Odds of No NFA Tax for Silencers According to Iraqveteran8888

The National Firearms Act was enacted into law in 1934. As the story goes the act was the result of the many mafia-perpetrated crimes during Prohibition and there was also, of course, the assassination attempt made on then-President Roosevelt in 1933. Although it may have seemed like a good idea, or at least somewhat justifiable common sense, to many Americans at the time, it’s become a point of serious contention for gun owners today. Not to say it’s a new debate, just that it’s definitely ramped up lately.

There’s quite a bit of discussion going on about the recent challenge to the NFA tax on suppressors, and it’s always interesting to hear what different people think of the odds. In this video, YouTuber Iraqveteran8888, Eric, talks about the suppressor tax. It’s a bit long, but interesting to watch.

Do you guys think there’s a snowball’s chance in that really hot place that the tax would ever be removed from suppressors?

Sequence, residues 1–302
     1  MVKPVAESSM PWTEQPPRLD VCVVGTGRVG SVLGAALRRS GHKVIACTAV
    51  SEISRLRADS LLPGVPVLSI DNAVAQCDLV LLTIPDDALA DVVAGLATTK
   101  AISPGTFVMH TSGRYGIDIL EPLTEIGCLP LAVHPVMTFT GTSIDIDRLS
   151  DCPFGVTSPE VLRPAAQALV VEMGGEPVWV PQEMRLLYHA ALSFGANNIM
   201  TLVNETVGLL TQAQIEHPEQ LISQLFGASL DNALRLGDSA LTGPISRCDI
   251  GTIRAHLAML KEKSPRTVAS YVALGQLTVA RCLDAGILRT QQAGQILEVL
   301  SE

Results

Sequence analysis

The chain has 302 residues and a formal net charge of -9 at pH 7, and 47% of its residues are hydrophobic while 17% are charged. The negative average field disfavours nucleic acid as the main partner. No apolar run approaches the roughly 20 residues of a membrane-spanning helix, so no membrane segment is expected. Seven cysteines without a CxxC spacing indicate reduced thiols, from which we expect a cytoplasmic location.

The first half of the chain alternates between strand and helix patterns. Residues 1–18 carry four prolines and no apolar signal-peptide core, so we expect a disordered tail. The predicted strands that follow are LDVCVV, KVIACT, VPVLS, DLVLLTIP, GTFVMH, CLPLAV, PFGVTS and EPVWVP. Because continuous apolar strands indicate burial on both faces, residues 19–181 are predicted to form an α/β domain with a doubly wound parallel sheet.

TFB Staffer

TFB Staff, bringing you the latest gun news from around the world for a decade.


  • BearSlayer338

    It would be really cool if suppressors got off the NFA list but, with a government that continues to push and pass gun control laws I really doubt this will be allowed to pass and we also have a lot of misinformed people that don’t realize suppressors just lower the decibels of a gunshot by about 20-35 decibels and it doesn’t make anything silent,just makes gunshots sound different but they are still loud on most weapons other than manually operated weapons.(bolt actions ect…)

    • MichaelZWilliamson

      And really, ten more years of inflation, and who the %$#@ will care about a $200 stamp?

  • DW